Re-imagining Performance Management

What comes to mind when you think of performance management? Many people think about annual appraisals, executed through an online portal. It’s frequently a tedious task to take all the feedback from the previous year or time period and place it into a predetermined template. Often, the scoring of individuals on the progress they’ve made, or lack thereof, can be a guessing exercise. It reminds me of a couple of college professors I know who say they love teaching, it’s the grading they hate. Managers just seem to want to get them all done and may not be as thorough in their evaluation. Finally, after they’re all complete, they’re shared with the employee. Although the manager may be relieved when it’s all over, the employee often has a less than positive experience.

Keep it simple.

Several years back, a client of mine was tasked to tie every element of each employees’ work to their compensation. After struggling for many months to solve this problem he concluded that “if it’s detailed enough to account for every possibility, it’s too complicated to track.” It appears technology has driven a quest for the perfect performance management tool that will account for all possibilities. However, when we look at performance management, we believe it’s valuable to think about the fundamentals. Regardless of the type of organization you’re in, remember that every employee is owed 4 things from their manager or supervisor:

They are:

  1. Clear and definitive expectations
  2. Consistent and effective feedback
  3. Proper resources and support
  4. Appropriate rewards and consequences

Each is important

  1. Clear and definitive expectations.

What is required to complete the job at hand? Like a friend of mine likes to say, “What are you paid to do?” Is the employee really clear on the goals and objectives? Is there room in clarifying expectations beyond measurable goals such as ways of working? Are there ways of working that need to be more defined, such as timeliness of responses, degree of accuracy, behaving collaboratively, and listening to others with respect? Everything doesn’t need to be a number to be clear.

  1. Consistent and effective feedback.

Obviously, without clearly defined expectations it’s hard to provide feedback, so that’s step one. Once that is established, you can create a way to monitor progress and provide feedback. We find that providing feedback is significant to growing team members. However, it’s often the biggest gap between what leaders should do, and what they actually do. Many people aren’t good at it, mostly because they aren’t specific enough. They focus on broad judgmental statements like, “that was a poor effort,” or “you did a great job,” rather than stating what specifically was done like, “you had 7 errors on that document,” or “you treated that difficult customer with a lot of empathy and respect.” If the feedback isn’t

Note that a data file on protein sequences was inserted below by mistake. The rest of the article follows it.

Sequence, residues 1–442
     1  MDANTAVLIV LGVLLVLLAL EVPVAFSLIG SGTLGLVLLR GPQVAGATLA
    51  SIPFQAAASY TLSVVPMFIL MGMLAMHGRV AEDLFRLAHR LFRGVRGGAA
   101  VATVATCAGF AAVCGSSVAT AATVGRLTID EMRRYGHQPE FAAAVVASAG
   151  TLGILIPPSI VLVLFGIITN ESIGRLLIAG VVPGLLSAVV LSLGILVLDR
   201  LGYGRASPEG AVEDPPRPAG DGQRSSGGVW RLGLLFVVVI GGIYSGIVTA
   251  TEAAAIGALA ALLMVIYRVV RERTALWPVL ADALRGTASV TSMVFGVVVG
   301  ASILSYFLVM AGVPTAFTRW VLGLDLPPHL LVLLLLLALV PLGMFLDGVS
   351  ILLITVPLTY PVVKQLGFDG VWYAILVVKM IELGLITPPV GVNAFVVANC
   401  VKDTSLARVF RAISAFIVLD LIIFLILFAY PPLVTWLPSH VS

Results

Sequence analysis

1. Proper resources and support.

Individuals need the right tools to do the job. This can be literal if they are using tools or the desk version such as the right software and good lighting. When given a task, the employee must have the right level of support from you. Do they need to check in with you regularly, or do they have the autonomy to act alone? Have you paved the way for them to stand in for you at meetings or have you communicated to another team that they have the authority to make decisions on your behalf? You don’t want to handcuff your employees from doing a task and doing it well.

  1. Appropriate recognition and consequences.

We believe the whole idea of recognition is more of an art decided by the manager, than a universal formula determined by the company. The reason for that is that everyone has a different need for the type and degree of recognition. As their direct manager, you should know the best and know which method of recognition is best for them. Knowing their motivation will help align the type of appreciation that they need the most. And you can’t just focus on recognition without being fair and direct with consequences for poor performance. When other team members see an employee “get away with” poor performance or bad behavior, it decreases your credibility and has a negative impact on morale for the entire team.

Regardless of the system you use, evaluate yourself on how well you perform the tasks above. Tweak the ones you need to address to be more effective and you’ll find you get greater responsiveness, and more engagement when it comes to performance.

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